And you pay by the hour for the running instances you host in a public cloud environment, so the less time they’re running, the better.
Using a cloud management platform, you can configure power schedules to automate shut down and restart.
So even if one of your testers forgets to power down their VM at the end of the day, you can rest easy knowing you're not paying for resources you're not using.
Ensuring your instances are powered down when they ’re not needed can lead to huge savings in large public cloud deployments, and should be an integral part of your cost-savings strategy.
In fact, you can save up to 70% of your cloud bill when power schedules are implemented properly for Dev/QA workloads.
Power schedules allow your organization to automatically power VMs on and off at specified times.
Making sure your instances power down is particularly useful for public cloud resources. Since running VMs in a public cloud environment can incur higher costs.
But private cloud VMs that are running unnecessarily consume resources as well.
So no matter what your clouds are managing, you can rely on cloud automation to optimize resource use.
When a CMP like Embotics vCommander executes a power-on and power-off, one task starts and stops all VMs.
Events are generated for each VM power-on and power off. A Shutdown Guest OS command is executed if supported by the hypervisor; otherwise, a Stop VM command is executed.
One of your testers may spin up an Amazon EC2 instance that they only need to use for testing from Monday to Friday, during working hours.
The example above shows a power schedule group that shuts instances down at 7 pm each night and powers them back up at 7 am. This means instances are shut off when users are out of office and back on in time for them to return the next day. This power schedule is also configured to leave instances powered off over the weekend. With this configuration, you could achieve considerable cost savings in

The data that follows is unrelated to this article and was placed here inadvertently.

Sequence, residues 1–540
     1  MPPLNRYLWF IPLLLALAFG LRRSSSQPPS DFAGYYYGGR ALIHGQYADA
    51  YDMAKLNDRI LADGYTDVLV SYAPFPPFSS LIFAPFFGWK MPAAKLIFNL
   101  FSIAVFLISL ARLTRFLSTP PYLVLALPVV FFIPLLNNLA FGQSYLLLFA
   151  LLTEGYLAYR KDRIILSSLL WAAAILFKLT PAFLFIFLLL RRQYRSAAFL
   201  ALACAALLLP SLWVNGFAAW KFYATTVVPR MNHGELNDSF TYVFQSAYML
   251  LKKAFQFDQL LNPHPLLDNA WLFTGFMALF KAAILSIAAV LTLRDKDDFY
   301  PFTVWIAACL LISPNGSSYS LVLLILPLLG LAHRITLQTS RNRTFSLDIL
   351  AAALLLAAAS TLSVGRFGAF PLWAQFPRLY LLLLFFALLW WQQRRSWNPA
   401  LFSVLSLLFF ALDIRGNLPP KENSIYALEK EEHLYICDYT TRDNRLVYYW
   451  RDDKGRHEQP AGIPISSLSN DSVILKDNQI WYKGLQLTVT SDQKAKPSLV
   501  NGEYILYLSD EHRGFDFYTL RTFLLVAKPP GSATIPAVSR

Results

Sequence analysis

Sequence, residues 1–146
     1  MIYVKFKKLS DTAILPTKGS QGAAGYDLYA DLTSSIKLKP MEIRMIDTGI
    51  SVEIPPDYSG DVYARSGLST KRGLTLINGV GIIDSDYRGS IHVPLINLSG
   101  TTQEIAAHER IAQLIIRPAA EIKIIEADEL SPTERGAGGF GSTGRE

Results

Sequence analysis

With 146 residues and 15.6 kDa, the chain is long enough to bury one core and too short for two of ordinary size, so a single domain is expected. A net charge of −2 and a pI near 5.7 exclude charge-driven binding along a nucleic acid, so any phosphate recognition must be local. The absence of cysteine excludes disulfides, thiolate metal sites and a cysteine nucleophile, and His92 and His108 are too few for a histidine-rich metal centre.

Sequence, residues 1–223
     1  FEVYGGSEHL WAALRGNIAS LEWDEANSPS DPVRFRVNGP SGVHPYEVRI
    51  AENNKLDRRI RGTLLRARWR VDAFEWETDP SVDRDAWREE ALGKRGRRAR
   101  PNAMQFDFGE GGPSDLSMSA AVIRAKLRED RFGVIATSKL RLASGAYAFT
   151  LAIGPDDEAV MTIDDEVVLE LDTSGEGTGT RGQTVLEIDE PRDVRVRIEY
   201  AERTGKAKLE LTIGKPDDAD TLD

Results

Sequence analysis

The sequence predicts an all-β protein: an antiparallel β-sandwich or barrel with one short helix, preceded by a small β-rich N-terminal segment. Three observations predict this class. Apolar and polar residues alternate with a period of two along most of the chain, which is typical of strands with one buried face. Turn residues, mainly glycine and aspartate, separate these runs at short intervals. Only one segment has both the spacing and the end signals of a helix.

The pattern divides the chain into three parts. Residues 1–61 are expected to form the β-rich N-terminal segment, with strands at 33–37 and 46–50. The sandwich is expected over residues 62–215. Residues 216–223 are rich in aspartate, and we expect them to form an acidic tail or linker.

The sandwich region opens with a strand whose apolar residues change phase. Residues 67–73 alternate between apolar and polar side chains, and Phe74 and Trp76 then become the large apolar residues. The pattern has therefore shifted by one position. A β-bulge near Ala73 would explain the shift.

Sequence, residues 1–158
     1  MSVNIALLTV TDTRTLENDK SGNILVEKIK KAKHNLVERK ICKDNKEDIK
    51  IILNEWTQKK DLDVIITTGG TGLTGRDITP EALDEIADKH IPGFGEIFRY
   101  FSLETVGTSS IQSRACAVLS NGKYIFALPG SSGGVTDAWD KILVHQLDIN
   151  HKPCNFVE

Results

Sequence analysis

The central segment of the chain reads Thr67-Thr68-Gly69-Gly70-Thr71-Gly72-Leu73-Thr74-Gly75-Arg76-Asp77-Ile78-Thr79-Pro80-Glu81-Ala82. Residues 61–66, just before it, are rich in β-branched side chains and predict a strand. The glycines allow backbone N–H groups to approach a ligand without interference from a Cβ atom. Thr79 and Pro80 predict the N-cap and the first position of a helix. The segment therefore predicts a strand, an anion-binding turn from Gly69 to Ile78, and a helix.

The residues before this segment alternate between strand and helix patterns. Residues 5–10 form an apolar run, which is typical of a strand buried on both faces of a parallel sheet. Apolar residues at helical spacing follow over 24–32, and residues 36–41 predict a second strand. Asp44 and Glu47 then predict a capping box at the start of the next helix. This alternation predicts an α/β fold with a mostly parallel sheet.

Instances that must run continuously can be added to the default power schedule group, which takes no action unless you configure it to do so. You can configure a policy to automatically apply a power schedule group to all new instances that appear in a particular location – all instances in a VPC, for example.
If you know the scheduling requirements at the time you define a service catalog entry, you can also assign the power schedule group in the service blueprint. An example of this would be a Windows desktop service in the catalog.
To help with cloud expense management, vCommander automatically issues power schedule recommendations for public cloud instances that have been powered on for more than 24 hours, don’t belong to a power schedule group, and are tagged with certain values. You can customize all of these settings for your particular situation.
Visit our contact page to get in touch with one of our technical experts today. Our team of experts can provide a personalized product demo showing you exactly how power scheduling can help manage your IT department's cloud costs.